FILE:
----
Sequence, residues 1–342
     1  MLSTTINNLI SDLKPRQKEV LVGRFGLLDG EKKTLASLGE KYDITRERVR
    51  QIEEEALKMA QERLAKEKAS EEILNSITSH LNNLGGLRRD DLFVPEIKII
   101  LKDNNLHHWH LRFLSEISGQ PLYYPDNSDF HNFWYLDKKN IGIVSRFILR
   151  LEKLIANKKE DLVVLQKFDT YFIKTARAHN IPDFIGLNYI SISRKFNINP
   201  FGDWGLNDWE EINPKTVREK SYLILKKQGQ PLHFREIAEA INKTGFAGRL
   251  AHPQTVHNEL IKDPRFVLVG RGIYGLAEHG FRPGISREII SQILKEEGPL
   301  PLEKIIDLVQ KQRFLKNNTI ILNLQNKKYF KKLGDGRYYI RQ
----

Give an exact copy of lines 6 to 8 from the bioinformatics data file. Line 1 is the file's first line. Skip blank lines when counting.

   201  FGDWGLNDWE EINPKTVREK SYLILKKQGQ PLHFREIAEA INKTGFAGRL
   251  AHPQTVHNEL IKDPRFVLVG RGIYGLAEHG FRPGISREII SQILKEEGPL
   301  PLEKIIDLVQ KQRFLKNNTI ILNLQNKKYF KKLGDGRYYI RQ